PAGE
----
"Once you understand that everyone, everywhere is operating from a place of fear, you know what to do: just encourage."
~ Karen Maezen Miller
The hardest part of all this, of dealing with the drama on my husband's side of the family, is deferring judgment. I'm a hard person. I have set ideas about how people should operate, and there's a streak of weakness in this storyline that causes me to be judgmental. It's much harder to render usable ideas, or rather, to be a useful person whose opinions are heard, from that mental place.
I've been carrying or wearing my mala beads lately. They are a reminder to be present, to be patient. Now, they will remind me to encourage too, to be the positive voice.
I abhor self-pity. It's a byproduct of depression; I do understand that. But there are always ways to fight depression and to improve your situation, if only you are strong enough. I have trouble understanding people who aren't strong enough to do that. Are family members then charged with doing it for them? I resist that. How will that person ever cope on their own without other people's help? At any age (except young childhood), I resist this. And I'm not talking about my age...the people in this scenario are mid-60s and late-30s.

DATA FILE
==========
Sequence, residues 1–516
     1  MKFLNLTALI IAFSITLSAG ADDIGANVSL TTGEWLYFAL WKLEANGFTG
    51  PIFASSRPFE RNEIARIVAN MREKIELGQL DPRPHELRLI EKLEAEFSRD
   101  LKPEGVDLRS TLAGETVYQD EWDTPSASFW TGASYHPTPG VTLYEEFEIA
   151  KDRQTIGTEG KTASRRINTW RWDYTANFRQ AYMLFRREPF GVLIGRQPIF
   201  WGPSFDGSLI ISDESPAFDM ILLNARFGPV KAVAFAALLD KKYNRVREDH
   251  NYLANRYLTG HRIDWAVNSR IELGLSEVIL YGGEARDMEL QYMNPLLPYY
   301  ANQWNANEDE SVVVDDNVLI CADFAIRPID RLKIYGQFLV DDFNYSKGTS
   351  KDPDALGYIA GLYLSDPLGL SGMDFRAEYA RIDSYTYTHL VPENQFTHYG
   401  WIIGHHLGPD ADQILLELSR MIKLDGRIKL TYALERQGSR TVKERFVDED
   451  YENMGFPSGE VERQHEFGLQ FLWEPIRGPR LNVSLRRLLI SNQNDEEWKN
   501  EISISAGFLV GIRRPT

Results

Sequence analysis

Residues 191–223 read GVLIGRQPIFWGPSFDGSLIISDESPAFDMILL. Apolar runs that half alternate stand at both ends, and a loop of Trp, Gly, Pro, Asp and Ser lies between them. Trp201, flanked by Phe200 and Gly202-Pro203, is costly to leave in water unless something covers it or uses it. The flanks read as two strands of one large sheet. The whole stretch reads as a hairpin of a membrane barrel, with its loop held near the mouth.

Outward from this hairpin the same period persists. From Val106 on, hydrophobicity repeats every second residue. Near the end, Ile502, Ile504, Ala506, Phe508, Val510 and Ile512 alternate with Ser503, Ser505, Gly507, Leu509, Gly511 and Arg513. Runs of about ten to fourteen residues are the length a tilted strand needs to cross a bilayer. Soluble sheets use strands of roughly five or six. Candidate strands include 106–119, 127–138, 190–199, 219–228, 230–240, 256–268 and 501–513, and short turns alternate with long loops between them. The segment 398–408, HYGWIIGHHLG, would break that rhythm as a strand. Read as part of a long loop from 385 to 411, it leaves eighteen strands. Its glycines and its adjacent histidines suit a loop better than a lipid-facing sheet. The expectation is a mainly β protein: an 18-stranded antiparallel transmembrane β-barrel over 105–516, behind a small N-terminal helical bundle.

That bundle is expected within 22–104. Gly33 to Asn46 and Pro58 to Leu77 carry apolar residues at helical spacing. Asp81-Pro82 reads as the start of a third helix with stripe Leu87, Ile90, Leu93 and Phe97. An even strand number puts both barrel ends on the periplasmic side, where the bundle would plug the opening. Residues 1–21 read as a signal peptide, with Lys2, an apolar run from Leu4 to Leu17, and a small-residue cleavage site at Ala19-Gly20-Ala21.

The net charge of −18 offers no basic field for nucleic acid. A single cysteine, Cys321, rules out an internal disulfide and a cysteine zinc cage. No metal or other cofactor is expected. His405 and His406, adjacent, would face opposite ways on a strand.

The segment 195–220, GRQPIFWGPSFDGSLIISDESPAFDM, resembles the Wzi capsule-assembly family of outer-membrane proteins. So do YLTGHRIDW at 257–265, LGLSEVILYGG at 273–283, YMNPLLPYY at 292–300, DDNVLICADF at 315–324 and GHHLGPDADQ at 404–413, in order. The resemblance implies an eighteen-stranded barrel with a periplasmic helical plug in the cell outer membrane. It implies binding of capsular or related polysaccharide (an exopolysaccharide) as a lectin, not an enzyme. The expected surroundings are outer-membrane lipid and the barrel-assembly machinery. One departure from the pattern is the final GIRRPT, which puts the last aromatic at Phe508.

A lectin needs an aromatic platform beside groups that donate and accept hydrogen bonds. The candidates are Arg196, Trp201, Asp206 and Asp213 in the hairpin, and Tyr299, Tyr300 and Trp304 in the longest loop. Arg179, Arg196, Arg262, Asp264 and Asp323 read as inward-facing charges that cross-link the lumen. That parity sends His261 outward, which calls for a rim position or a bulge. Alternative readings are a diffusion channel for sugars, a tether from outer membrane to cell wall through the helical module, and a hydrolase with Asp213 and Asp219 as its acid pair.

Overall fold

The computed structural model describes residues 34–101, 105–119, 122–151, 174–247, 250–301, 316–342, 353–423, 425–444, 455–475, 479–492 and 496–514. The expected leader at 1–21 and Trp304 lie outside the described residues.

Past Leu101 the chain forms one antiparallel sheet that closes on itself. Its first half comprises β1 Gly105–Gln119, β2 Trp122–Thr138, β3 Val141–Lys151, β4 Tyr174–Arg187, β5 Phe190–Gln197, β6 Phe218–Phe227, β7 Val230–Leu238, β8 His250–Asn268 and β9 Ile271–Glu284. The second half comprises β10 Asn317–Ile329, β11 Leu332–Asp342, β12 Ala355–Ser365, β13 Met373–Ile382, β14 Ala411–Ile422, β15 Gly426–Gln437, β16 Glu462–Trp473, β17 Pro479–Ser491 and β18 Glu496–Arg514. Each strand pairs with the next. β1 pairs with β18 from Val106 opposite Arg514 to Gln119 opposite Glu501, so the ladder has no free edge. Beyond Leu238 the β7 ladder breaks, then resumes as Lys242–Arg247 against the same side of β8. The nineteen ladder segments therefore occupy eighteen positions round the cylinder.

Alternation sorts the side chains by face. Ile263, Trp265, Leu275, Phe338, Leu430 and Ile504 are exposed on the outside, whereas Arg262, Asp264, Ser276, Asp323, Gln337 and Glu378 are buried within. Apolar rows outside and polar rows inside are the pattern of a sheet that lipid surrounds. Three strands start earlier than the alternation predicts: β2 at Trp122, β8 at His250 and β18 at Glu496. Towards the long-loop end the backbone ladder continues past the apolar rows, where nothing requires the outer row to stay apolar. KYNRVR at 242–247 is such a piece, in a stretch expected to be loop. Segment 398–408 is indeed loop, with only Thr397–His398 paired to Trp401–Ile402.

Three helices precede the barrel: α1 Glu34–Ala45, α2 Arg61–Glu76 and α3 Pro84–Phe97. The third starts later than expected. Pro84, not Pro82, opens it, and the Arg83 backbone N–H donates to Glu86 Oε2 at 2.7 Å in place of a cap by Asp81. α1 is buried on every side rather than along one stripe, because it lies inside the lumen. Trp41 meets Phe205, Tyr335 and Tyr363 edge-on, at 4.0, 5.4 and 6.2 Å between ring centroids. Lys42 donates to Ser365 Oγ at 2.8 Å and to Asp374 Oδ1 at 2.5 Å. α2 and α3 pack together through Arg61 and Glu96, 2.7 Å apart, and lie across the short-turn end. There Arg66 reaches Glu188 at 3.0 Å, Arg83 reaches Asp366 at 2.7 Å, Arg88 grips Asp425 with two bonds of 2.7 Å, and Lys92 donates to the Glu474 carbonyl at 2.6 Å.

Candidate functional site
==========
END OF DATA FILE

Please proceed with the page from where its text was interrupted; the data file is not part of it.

This Thanksgiving and Christmas will be tests. Ultimately, I try to just celebrate the holidays. Thanksgiving is self-explanatory. Christmas is another animal; I'm leaning Les and I toward exchanging gifts at Yule, so that our holiday is separate from the Christian movements we have to make for family.
But in the midst of the Christmas celebrating, they want to do an intervention of sorts. I cringe at the timing, and pray I'll be taking my niece for a long walk around the neighborhood, or hitting a playground with her, because I know nothing from this "talk" will change anything until the parties involved are actually ready to make the necessary changes. A clearing of the air needs to happen, but it also smacks of futility, and I have real trouble with that.